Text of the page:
Blame the people, not the tool. I'm glad to see that qualifies as silly in everyone's eyes.
How the law is applied is very different from how a gun is used. Precedence, anyone?
And if it were in New Mexico, Texas, Louisiana or Florida it'd still be racial profiling because there's only one typical immigrant, right? Does that mean it'd be okay in California (not that they'd ever pass a law like this there) because there's more than one typical suspicion? Or is it because you think skin color and accent are the only things officers would look for?
I don't think they're the only things that they'll look for, but it's definitely going to be a point of suspicion.
Bolded for emphasis, because they don't exist. Everyone in this country is either giving Arizona a pat on the back or threatening to gut all interstate connections. The reason I mentioned it is because I understood it, not because it's my opinion. I'm studying criminal justice with the goal of joining the police force.
It's still your opinion, even if it's based on something. And if it's based on something that's solid, you could always link to that as evidence to back up your claim. Also, there are people who are in the middle, saying there's no one is a bit silly. Personally, I'm a little confused as to what to believe. If someone could actually show to me that the interpretation that you are offering is true, and if someone could convince me that racial profiling isn't likely to occur, I think I'd probably support it. I find complete support for this law just as ridiculous as I find the Nazi Germany comparisons.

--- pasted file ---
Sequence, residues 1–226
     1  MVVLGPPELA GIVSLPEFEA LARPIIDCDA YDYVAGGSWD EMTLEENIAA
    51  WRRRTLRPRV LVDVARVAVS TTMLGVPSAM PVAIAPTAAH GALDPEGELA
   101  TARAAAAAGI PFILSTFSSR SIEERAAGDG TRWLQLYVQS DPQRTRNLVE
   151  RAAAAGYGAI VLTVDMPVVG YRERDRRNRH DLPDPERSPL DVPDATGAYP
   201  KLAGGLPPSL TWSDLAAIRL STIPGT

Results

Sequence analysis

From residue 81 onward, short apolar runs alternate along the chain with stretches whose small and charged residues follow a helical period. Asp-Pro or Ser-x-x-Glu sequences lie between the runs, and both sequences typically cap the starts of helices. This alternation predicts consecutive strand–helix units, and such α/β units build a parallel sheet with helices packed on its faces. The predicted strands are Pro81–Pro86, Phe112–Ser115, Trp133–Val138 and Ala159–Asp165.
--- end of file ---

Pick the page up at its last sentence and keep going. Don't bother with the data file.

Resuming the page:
All laws regarding police proceedure and conduct are created with the human element in mind to leave some discretion up to the officer. If some officer actually testifies in court that he asked for immigration documents on the basis of "His skin was slightly darker than mine and he talked funny" I will laugh my ass off and reccomend his resignation. Failure to produce a lisence, producing a phoney lisence or reluctance are three distinct scenarios in the span of 3 seconds that an officer has to use to make a judgement call.
The thing is, people are very good at justifying their behavior. They won't actually say in court that it's because the color of their skin. The law is so complicated and vast that if a police officer really wants to find a reason to be suspicious, they can do it--people tend to act extremely erratic around the police whether they're guilty of something or not.
An officer has an obligation to identify witnesses. That's probably the only instance in which a bystander would be asked for their I.D. Loitering or Soliciting in a place that prohibits it doesn't qualify as innocent bystander material. You STILL have to commit a crime or give the police probable cause that you HAVE committed a crime before they can ask you for any documentation of immigrant status. If there isn't any, that's what the "you can sue us" portion of the law is for.
I get that they're only supposed to approach them, according to you, if they can find a legal reason to do so. I just don't think it's that hard to find a reason to suspect someone of breaking a crime if you look hard enough. What do most people think when they look at a Mexican who only speaks Spanish? The Police will then look for a reason to ask for their papers--again it's not very hard.